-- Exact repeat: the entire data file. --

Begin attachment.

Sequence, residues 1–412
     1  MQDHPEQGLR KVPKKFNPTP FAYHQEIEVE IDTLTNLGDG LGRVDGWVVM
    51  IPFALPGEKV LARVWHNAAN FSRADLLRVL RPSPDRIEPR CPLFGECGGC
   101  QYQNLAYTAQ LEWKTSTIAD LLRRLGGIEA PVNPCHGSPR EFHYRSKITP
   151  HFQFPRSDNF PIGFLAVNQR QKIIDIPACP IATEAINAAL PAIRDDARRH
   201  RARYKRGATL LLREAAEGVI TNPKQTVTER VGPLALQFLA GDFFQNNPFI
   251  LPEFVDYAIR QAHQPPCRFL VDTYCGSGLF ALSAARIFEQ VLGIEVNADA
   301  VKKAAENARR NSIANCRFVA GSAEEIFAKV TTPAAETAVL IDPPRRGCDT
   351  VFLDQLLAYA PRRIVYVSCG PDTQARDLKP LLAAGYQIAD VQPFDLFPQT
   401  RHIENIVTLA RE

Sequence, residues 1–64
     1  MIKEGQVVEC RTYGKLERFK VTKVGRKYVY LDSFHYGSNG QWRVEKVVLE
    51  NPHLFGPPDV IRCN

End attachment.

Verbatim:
Sequence, residues 1–412
     1  MQDHPEQGLR KVPKKFNPTP FAYHQEIEVE IDTLTNLGDG LGRVDGWVVM
    51  IPFALPGEKV LARVWHNAAN FSRADLLRVL RPSPDRIEPR CPLFGECGGC
   101  QYQNLAYTAQ LEWKTSTIAD LLRRLGGIEA PVNPCHGSPR EFHYRSKITP
   151  HFQFPRSDNF PIGFLAVNQR QKIIDIPACP IATEAINAAL PAIRDDARRH
   201  RARYKRGATL LLREAAEGVI TNPKQTVTER VGPLALQFLA GDFFQNNPFI
   251  LPEFVDYAIR QAHQPPCRFL VDTYCGSGLF ALSAARIFEQ VLGIEVNADA
   301  VKKAAENARR NSIANCRFVA GSAEEIFAKV TTPAAETAVL IDPPRRGCDT
   351  VFLDQLLAYA PRRIVYVSCG PDTQARDLKP LLAAGYQIAD VQPFDLFPQT
   401  RHIENIVTLA RE

Sequence, residues 1–64
     1  MIKEGQVVEC RTYGKLERFK VTKVGRKYVY LDSFHYGSNG QWRVEKVVLE
    51  NPHLFGPPDV IRCN